Foreign Policy

In Laos, a Dubious Dam Threatens Luang Prabang

When investors in 2019 announced plans to build a massive hydroelectric dam on the Mekong River just upstream from Luang Prabang, the ancient royal capital of the former Kingdom of Laos, they drew a slew of criticism. So much criticism, in fact, that UNESCO—which has ...

Nathan Thompson

Endangered Species Are Paying the Price of COVID-19

The table we’re writing on is made of rosewood, the most trafficked wildlife product in the world. For months, we’ve been researching the uptick in logging and poaching, which are gradually emptying out the forests here in Cambodia as well as neighboring Vietnam, Laos, Thailand, ...

Lindsey Kennedy, Nathan Paul Southern

Myanmar’s Women Are on the Front Lines Against the Junta

In recent weeks, Nandar has taken to cycling. Armed with a hard hat, a face mask, and a paper sign stuck to her bike showing the words “No to dictatorship, no to patriarchy,” the 26-year-old feminist activist spends most days traversing Yangon, Myanmar, as part ...

JESSIE LAU

In the Mekong, a Confluence of Calamities

Over the past year, severe drought exacerbated by upstream hydropower dams has throttled agricultural productivity, devastated fisheries, and threatened the livelihoods of millions of people in the Mekong River Basin. The coronavirus pandemic is compounding this situation, disrupting supply chains and increasing price volatility for ...

COURTNEY WEATHERBY and JOHN LICHTEFELD

Science Shows Chinese Dams Are Devastating the Mekong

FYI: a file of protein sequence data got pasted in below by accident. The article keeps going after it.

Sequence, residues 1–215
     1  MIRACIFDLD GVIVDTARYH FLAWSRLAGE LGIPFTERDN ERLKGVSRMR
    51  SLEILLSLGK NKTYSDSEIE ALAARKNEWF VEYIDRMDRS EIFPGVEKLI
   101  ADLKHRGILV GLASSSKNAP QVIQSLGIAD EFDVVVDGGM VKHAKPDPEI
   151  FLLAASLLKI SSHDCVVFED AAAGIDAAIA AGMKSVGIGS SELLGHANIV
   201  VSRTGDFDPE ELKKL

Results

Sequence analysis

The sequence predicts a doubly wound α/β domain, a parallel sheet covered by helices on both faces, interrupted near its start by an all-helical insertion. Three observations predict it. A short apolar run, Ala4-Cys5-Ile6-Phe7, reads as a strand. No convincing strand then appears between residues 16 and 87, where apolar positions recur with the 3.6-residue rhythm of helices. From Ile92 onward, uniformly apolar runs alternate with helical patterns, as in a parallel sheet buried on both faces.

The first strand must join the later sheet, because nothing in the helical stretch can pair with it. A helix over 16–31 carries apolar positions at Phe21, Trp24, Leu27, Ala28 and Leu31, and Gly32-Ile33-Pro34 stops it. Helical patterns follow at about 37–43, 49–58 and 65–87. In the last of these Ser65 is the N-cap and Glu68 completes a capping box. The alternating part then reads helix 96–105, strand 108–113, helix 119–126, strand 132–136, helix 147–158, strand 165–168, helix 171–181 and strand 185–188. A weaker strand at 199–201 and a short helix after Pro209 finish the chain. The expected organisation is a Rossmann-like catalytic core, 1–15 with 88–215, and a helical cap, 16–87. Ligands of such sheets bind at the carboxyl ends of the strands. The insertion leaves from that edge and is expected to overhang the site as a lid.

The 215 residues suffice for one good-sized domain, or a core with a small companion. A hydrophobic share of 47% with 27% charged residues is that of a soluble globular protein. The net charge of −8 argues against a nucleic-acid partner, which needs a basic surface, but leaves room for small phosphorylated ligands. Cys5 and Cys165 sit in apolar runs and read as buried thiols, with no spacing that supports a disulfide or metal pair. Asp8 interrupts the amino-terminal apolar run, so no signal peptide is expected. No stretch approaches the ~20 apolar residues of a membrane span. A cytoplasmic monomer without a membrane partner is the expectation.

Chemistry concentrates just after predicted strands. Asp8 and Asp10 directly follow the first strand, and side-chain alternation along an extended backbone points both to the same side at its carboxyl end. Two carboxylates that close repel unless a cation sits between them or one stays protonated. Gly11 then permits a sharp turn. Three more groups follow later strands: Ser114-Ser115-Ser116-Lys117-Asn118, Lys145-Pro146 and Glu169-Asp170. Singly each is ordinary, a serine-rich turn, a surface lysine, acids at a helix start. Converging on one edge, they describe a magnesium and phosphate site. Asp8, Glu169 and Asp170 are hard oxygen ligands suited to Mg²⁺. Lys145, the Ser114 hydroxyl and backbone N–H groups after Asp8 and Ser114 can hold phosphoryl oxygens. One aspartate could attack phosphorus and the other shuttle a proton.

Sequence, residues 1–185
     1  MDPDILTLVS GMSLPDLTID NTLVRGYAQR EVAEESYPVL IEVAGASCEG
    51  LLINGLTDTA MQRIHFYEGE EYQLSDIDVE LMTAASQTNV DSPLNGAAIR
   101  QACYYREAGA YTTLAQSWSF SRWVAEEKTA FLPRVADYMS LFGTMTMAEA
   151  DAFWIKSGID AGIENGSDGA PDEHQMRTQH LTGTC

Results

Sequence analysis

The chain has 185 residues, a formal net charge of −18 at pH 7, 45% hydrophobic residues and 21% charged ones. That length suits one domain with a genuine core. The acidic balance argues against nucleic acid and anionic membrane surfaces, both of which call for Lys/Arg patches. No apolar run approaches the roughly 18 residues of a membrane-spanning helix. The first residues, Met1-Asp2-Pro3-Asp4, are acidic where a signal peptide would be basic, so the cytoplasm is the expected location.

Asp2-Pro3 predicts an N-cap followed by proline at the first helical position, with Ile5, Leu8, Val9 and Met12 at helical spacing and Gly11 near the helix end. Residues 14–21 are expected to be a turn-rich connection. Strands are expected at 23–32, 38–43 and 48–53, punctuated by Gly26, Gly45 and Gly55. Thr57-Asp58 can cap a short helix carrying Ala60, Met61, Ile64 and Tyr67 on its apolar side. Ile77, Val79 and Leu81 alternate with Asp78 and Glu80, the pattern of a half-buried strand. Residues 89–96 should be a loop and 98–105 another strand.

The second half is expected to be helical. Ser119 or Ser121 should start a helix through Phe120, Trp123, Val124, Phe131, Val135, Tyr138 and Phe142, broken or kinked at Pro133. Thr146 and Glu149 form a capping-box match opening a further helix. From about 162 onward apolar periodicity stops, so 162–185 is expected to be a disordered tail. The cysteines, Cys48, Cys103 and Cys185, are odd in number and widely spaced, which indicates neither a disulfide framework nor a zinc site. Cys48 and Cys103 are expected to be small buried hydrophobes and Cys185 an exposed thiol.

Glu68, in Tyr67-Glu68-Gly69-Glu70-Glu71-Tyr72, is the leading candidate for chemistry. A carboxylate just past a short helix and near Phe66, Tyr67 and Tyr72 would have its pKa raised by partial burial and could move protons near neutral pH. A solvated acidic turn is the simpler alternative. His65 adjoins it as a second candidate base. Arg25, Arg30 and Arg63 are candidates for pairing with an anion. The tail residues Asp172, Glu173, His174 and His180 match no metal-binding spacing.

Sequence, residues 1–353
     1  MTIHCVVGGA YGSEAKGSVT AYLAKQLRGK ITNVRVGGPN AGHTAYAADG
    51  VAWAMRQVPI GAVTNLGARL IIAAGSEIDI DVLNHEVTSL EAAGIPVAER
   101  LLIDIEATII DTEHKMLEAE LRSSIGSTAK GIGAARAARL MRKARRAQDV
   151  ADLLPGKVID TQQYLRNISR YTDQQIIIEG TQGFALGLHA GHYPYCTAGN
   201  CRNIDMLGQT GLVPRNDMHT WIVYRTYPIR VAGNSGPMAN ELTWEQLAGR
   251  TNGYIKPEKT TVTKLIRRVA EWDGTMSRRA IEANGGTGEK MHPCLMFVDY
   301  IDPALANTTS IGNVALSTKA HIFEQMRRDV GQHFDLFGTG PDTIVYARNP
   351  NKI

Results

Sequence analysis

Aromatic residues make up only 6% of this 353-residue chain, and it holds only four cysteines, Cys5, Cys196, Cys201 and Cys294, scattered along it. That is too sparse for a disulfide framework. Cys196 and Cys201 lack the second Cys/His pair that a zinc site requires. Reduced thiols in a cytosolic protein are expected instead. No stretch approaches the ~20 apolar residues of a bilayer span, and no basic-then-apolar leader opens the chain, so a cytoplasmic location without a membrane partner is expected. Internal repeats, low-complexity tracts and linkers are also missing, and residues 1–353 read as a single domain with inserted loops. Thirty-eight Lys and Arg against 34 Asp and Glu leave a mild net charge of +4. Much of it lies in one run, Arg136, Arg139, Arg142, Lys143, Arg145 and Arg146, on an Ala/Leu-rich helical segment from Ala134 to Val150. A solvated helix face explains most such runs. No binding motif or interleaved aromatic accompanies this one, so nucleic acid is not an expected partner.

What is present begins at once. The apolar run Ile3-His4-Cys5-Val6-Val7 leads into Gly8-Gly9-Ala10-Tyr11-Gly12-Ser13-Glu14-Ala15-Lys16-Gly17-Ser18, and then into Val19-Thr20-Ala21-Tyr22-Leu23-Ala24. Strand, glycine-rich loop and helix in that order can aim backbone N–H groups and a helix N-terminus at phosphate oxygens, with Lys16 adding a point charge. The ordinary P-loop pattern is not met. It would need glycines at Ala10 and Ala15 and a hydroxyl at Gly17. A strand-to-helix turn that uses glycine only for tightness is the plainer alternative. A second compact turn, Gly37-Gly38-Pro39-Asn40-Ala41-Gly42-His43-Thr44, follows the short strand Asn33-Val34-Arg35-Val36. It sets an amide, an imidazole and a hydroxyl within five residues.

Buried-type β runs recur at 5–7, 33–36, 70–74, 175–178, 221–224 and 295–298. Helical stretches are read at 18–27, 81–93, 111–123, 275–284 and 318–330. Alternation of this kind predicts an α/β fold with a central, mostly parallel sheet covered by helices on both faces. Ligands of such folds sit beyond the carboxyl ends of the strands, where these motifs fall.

Eleven massive dams straddle the mighty Mekong River before it leaves China and flows into Myanmar, Laos, Thailand, Cambodia, and on into Vietnam. Yet I have long been skeptical  that China could use those 11 upstream dams, massive as they are, to turn off the ...

BRIAN EYLER

How conservation became colonialism

A feature article by Alexander Zaitchick that critically examines the importance of why indigenous people, not environmentalists, are the key to protecting the world’s most precious ecosystems. Read more ...

China’s Mekong plans threaten disaster for countries downstream

Thirty million people depend for a living on the Mekong, the great Asian river that runs through Southeast Asia from its origins in the snowfields of Tibet to its end in the delta region of Vietnam, where it fertilizes one of the world’s richest agricultural ...

Richard Bernstein

It’s time for development banks to start listening

The aid community often ignores the wishes of the very people it’s supposed to be helping. The world needs a more bottom-up approach to development. Almost a year ago, the United Nations set the Sustainable Development Goals, an ambitious blueprint for governments and financiers to ...

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